50. How exciting! We live in Portland, and have good friends just a few blocks from that house. By the way, they’ve also done some tree removal on their property recently due to the risk of these older trees falling and damaging homes. Cutting down trees feels horrible and un-characteristic of our PNW souls. But, several in the neighborhood have been hit (badly) with downed trees in wind storms (one requiring a months-long roof and room re-do–they were very lucky nobody was killed!). So, as much as this Portland native loves her tree canopy, I’m all for the removal of the ones closest to the house that could be a potential risk.

    Looking forward to seeing the progress on this house!

  51. Love the location and am soooo looking forward to all the content! It will be a beautiful home.
    My only comment is the location of the dining room/’missing’ eat-in. We are a family with young kids and eat at the table a lot (and then get up a million times to get things for them while they eat). I would personally prefer to have the table closer to the kitchen (unless you plan to have island seating to accommodate the entire family). We recently moved into our home and I love having the table just steps away. Other than that, can’t wait to see it and congrats!

  52. Wow Emily, just wow. What a spectacular “spec” house you chose!!! I can’t wait to see what you do with it, especially if you create a more modern traditional look!! Just looking at it, I don’t see rustic and boho doesn’t really fit either. Will there be blue and blush in the house?? I’m super excited about the landscaping, because that’s near and dear to me!!

    SO daunting…you have a short time to do all of the design, construction, installation, and content!!! I do NOT know how you will do it, but I have faith that you’ll pull it off effortlessly! Your bro looks JUST like you and no doubt the Starke genes will flow through to a magical home!!

  53. What about, instead of cutting down the trees, just cut off the lower branches that hang near the house? That’ll let more light into the house, but keep the pretty tree canopy.

  54. First Floor comments:
    With a lot that pretty, I would like the front door to open up to the view through the house all the way out through the covered porch, so I would move my front door to the left of where it is now (you can move your coat close to that other space on the other side of the living room). To balance out the placement of the front door, enlarge your front porch to the other side of the living room window. Big front porches sell houses!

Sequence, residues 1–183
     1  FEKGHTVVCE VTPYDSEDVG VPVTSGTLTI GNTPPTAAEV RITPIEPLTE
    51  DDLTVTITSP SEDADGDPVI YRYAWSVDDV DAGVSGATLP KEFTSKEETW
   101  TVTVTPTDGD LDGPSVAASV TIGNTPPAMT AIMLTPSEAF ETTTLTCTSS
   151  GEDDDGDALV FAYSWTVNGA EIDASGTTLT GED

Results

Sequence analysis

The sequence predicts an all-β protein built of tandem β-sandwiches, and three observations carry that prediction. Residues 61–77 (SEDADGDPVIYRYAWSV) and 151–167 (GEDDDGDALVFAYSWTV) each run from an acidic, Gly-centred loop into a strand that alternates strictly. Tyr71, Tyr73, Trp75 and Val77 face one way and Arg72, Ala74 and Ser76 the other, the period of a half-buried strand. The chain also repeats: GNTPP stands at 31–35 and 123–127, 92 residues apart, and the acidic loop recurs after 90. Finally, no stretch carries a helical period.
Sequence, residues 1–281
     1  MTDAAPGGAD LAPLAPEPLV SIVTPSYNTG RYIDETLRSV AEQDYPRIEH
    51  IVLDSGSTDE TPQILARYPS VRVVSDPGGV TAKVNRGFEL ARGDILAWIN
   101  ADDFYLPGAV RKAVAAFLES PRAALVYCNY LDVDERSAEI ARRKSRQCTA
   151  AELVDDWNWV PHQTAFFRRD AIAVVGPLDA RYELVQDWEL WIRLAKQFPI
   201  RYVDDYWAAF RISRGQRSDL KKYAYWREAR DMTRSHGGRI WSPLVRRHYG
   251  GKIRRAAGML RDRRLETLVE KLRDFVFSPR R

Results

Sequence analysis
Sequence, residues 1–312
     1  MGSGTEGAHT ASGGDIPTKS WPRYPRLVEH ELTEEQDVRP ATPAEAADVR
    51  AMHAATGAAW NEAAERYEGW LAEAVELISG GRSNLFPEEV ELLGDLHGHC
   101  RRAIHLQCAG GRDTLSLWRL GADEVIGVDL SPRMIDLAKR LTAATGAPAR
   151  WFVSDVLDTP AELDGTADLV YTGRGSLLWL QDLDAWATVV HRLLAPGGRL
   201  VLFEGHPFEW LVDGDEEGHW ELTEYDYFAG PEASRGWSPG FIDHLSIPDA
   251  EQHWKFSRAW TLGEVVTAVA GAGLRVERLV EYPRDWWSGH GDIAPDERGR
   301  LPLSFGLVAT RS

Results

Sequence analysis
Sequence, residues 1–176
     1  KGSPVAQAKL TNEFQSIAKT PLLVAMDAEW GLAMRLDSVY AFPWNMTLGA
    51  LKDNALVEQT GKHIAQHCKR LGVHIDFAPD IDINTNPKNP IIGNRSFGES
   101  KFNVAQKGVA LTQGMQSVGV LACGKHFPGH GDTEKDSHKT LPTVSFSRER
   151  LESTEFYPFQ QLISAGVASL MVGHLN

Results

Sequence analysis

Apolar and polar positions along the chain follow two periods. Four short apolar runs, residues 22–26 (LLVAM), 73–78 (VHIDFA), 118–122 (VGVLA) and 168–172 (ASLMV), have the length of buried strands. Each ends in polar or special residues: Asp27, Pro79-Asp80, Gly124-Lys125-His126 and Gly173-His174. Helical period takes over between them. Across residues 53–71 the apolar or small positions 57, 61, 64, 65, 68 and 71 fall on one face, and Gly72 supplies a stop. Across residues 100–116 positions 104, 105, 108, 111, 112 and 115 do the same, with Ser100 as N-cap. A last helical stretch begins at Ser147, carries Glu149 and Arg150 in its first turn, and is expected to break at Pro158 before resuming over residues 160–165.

I would keep a / the fireplace and add openings on either side. This gives you a little more wall space for a tv over the fireplace if this area is the family room, and an extra fireplace is great for resale. The fireplace doesn’t look centered; I would center it since symmetry in this type of house conveys a sense of formality, even if the vibe is equally parts woodsy and modern.
    I would switch the dining room and family room placements, keep the fireplace and have a wonderful and beautiful table centered between those 2 porch doors. Keep the fireplace (as noted above) and make this a beautiful keeping room with a few cozy chairs in front of that fireplace. If this is to be a family house, a big table in the center of the room will be homework, eat, play central.
    I would never buy a house where the bathroom opened up to the kitchen. I had one, and it’s just uncomfortable for everyone. Eliminate those two closets in the kitchen and make the powder room bigger overall. Close up the wall to the kitchen and have the entry to the powder room through the mud room. Privacy for all, and better for those times the family is out in the yard and needs to run in to use the bathroom. To compensate for the loss of those two small storage closets, design an awesome built-in for the staircase wall. If it starts to get too cramped in that mudroom, extend the wall towards the front of the house.
    I would consider adding a 3rd, and even 4th-car garage in this price point and this square footage of house. I would think at a minimum, a 3rd car bay would be expected.

    1. Paragraph 2 – Oops, I meant I would keep the (or a) fireplace in the area you have designated as the family room. I realize there is another fireplace in the LR. I now see the fireplace is centered.

  55. Love it and it’ll be amazing!